On Philanthrocapitalism – Part Two

To return to where I left off in Part One, we had just passed the introduction in the book. An introduction that Walmart’s owners would have been very pleased to read.

The book continues in a similar vain and soon introduces a concept of the “good billionaire”. In order to make this concept a reality it is suggested that a social contract needs to be formed so that billionaires have knowledge and have committed to how they should act. As I was reading this concept for a social contract for good billionaires I was reminded about something that I had seen regarding JK Rowling. In 2011 JK Rowling featured on the Forbes billionaires list, but since that time she has failed to do so again, and this is despite the continued successes of the Harry Potter franchise. The reason that she no longer features on the list is that she has given so much of her wealth away she can no longer be classified as a billionaire. Perhaps then the first rule for any “good billionaire” is not to be one.

There are mentions of the growing inequality in the world, but it is not expanded upon or criticised. What is condemned by the book and its authors, however, is the “rejection of philanthropy”. A strange thing to focus on as I doubt anyone would argue that giving away money to those less fortunate is a bad thing. Even I don’t reject philanthropy, I just advocate a situation where such philanthropy is not needed. This rejection, so the authors believe, was “extreme” in post World War Two Britain.

What the book then fails to tell the reader is that during this time of “extreme” philanthropy rejection, the welfare state was being created and expanded. Investments were made across a wide number of social services and the standard of life began to improve. Philanthropy wasn’t so much rejected as superseded. With a functioning welfare state large swathes of what is now seen as philanthropy were not needed as the state delivered.

Under the leadership of Clement Atlee, a man we have mentioned in Part One, a host of laws were introduced which were designed to improve society for those within. The 1944 Education Act raised the school-leaving age; the 1945 Family Allowances Act introduced child benefit to families, the 1946 National Insurance Act introduced a comprehensive system of social security; the National Health Service Act created a system of free healthcare; the National Assistance Act of 1948 provided a social safety net for those unable to pay National Insurance contributions; the Children Act of 1948 established a comprehensive childcare service; and the Housing Act of 1949 improved housing opportunities across the country. Truly the only thing “extreme” about the post World War Two period in Britain was the resolute determination of the government to help those worse off.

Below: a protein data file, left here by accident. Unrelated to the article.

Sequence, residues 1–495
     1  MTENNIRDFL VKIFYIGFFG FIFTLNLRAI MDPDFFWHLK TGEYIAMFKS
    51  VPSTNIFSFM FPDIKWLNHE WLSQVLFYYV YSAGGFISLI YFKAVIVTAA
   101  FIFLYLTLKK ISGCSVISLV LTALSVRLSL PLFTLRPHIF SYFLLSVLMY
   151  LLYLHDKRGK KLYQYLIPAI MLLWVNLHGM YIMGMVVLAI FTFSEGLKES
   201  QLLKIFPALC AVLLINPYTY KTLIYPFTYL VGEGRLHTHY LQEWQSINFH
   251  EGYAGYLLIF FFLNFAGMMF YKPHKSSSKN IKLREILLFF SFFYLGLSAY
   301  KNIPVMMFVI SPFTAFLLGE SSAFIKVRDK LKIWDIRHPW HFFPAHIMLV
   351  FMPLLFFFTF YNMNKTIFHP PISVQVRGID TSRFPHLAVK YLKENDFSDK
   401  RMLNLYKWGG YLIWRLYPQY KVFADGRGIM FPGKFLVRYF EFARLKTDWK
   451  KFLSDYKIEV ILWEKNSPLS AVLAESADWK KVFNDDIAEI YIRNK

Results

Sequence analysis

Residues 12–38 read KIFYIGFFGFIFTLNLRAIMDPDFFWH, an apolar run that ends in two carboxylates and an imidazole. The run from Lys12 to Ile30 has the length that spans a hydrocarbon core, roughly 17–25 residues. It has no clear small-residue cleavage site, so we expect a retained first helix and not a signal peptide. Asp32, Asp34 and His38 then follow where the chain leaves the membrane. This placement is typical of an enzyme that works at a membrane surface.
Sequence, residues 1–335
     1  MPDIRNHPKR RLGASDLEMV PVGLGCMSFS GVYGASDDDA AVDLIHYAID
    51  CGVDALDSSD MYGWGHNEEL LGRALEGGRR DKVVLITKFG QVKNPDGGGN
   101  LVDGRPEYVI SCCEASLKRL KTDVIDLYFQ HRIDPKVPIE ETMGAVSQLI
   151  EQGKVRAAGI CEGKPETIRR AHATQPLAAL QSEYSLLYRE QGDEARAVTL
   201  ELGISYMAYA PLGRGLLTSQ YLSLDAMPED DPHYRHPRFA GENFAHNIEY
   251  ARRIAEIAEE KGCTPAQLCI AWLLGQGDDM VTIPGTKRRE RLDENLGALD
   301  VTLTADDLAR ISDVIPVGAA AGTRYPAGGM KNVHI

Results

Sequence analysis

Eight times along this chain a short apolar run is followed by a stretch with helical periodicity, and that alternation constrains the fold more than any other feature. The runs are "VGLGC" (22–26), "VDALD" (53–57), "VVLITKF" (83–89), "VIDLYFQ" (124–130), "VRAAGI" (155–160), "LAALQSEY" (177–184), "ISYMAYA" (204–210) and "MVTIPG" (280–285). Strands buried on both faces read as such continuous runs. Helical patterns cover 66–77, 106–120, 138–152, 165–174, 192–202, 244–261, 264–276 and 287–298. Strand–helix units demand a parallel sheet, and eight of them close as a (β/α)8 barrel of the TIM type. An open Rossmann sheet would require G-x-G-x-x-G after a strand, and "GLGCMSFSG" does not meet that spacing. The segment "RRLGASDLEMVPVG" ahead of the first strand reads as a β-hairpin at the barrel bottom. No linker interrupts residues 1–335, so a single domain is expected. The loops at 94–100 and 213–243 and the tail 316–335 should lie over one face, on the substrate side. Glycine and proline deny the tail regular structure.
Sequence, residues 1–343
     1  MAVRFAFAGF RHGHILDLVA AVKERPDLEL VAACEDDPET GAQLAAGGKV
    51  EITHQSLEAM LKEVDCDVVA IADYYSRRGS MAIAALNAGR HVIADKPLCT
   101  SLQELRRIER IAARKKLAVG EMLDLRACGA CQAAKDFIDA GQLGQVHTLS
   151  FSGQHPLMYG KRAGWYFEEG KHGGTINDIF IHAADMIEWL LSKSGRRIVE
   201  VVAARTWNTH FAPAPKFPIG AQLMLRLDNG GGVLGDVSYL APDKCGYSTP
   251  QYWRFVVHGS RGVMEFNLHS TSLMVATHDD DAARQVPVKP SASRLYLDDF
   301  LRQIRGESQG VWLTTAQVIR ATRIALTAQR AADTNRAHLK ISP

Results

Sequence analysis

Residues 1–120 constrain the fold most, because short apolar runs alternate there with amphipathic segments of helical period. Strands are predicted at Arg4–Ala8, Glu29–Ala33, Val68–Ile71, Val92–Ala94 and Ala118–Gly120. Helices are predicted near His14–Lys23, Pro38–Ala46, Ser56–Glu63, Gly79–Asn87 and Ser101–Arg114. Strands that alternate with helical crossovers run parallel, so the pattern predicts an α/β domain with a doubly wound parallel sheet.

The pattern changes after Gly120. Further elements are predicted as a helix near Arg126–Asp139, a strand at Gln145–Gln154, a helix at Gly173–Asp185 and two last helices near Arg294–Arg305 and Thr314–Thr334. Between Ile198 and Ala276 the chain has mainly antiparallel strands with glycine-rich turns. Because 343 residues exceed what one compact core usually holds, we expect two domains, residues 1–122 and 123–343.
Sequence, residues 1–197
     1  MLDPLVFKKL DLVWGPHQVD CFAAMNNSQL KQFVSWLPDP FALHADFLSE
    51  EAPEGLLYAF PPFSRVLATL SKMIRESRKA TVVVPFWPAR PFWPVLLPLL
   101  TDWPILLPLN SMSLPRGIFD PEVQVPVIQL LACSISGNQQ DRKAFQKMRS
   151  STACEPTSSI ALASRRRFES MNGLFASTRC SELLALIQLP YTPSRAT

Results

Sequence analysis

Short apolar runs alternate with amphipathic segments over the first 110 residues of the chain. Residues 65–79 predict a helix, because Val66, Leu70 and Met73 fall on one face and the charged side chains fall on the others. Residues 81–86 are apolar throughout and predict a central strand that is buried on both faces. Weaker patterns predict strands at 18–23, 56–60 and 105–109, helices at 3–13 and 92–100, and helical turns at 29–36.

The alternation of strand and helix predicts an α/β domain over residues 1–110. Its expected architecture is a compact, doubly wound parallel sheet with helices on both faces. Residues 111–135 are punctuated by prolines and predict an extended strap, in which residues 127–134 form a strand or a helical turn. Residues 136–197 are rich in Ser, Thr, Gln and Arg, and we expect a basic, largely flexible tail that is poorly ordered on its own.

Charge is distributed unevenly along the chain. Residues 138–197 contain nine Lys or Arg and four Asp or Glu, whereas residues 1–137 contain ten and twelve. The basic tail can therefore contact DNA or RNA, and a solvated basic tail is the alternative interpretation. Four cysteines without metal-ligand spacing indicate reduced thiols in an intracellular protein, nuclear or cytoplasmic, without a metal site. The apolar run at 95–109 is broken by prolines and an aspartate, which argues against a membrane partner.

In stark contrast to these measures are the political actions being taken by the Prime Minister today. Rather than build up, invest, and support, he instead chooses to dismantle, cut, and abandon. When David Cameron came into office one of his first measures was to lower the income tax for those earning over £100,000 each year. It is now at a figure of 45% and arguments are put forth that higher taxation for the wealthy in fact leads to a lower number of wealthy people paying tax.

Charlotte Church, a millionaire with a moral compass and some integrity, recently said that she would be willing to pay 70% taxes so that social services could be kept. It is refreshing to hear such an opinion, but unfortunately such opinions seem to be few these days. With a decrease in taxation, a cutting of services and welfare, there would be, or so it is hoped, a greater investment by philanthrocapitalists. We would not see the “extreme” period of World War Two Britain, but instead a “golden age” of philanthropy. Or so the authors hope.

What I took from the book was that such advocacy and growth in philanthropy is the reason for the lowering of taxes in the first place. But the reality is that taxes are lowered on the wealthy not because governments feel social and global problems can be better solved by philanthropy, but because governments have been bought and are in almost complete control of the wealthy and elite of the country. Taxes are lowered in order to benefit those at the very top not in aid of helping those worse off, but in spite of them.

Quite obviously the authors of Philanthrocapitalism are no fans of the welfare state, but even a casual glance at the measurements, indicators, and statistics available show that countries with a strong welfare system fare better than those without. Scandinavia has long been known for its model, and Iceland and Switzerland have similar models in place. It should be of no surprise then that countries like these dominate all international measurements of a society’s standing. In the 2014 Human Development Index, after inequalities have been taken into account, Norway ranks first, Switzerland fourth, Iceland sixth, Sweden seventh, and Denmark eighth. The United Kingdom, with its welfare state eroding, comes in at 16th, and the United States, who have next to no welfare system, rank 28th, below the likes of Estonia, Slovakia and Malta.

The recently released Social Progress Index figures for 2015 paint a similar story. Norway, Sweden, Switzerland, and Iceland take the top four places respectively, with Finland and Denmark coming in at seventh and eighth. The United Kingdom places 11th, and the United States 16th. The 2013 rankings on the Where-To-Be-Born Index, previously called the Quality-of-Life Index, continues the trend. Switzerland are first, Norway third, Sweden fourth, Denmark fifth, and Finland are 11th. The United States are 16th, and Great Britain finds itself in a not so great 27th.

It is difficult to swallow the fiction that billionaire philanthropists are to be the world’s saviours when there is so much evidence against such an occurrence. It may be possible that some billionaires encourage the government to lower taxation so that they are able to invest more money into philanthropy, but a far more likely story is that billionaires encourage the government to lower taxation so that they are able to keep more money for themselves.